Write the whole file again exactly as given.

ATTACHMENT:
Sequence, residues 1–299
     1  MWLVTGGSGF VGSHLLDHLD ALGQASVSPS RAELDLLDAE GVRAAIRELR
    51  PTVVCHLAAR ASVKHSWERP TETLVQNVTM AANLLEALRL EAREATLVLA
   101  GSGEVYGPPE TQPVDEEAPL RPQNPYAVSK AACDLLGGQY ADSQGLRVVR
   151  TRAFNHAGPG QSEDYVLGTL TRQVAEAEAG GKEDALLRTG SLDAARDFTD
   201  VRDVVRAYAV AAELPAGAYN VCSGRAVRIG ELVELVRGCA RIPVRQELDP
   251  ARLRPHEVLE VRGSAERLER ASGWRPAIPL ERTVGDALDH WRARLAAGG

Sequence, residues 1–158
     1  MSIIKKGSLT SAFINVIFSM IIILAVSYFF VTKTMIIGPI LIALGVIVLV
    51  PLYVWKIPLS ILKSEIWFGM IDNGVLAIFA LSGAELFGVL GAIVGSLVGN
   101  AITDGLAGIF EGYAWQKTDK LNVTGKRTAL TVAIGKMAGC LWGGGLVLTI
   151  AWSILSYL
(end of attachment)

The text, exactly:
Sequence, residues 1–299
     1  MWLVTGGSGF VGSHLLDHLD ALGQASVSPS RAELDLLDAE GVRAAIRELR
    51  PTVVCHLAAR ASVKHSWERP TETLVQNVTM AANLLEALRL EAREATLVLA
   101  GSGEVYGPPE TQPVDEEAPL RPQNPYAVSK AACDLLGGQY ADSQGLRVVR
   151  TRAFNHAGPG QSEDYVLGTL TRQVAEAEAG GKEDALLRTG SLDAARDFTD
   201  VRDVVRAYAV AAELPAGAYN VCSGRAVRIG ELVELVRGCA RIPVRQELDP
   251  ARLRPHEVLE VRGSAERLER ASGWRPAIPL ERTVGDALDH WRARLAAGG

Sequence, residues 1–158
     1  MSIIKKGSLT SAFINVIFSM IIILAVSYFF VTKTMIIGPI LIALGVIVLV
    51  PLYVWKIPLS ILKSEIWFGM IDNGVLAIFA LSGAELFGVL GAIVGSLVGN
   101  AITDGLAGIF EGYAWQKTDK LNVTGKRTAL TVAIGKMAGC LWGGGLVLTI
   151  AWSILSYL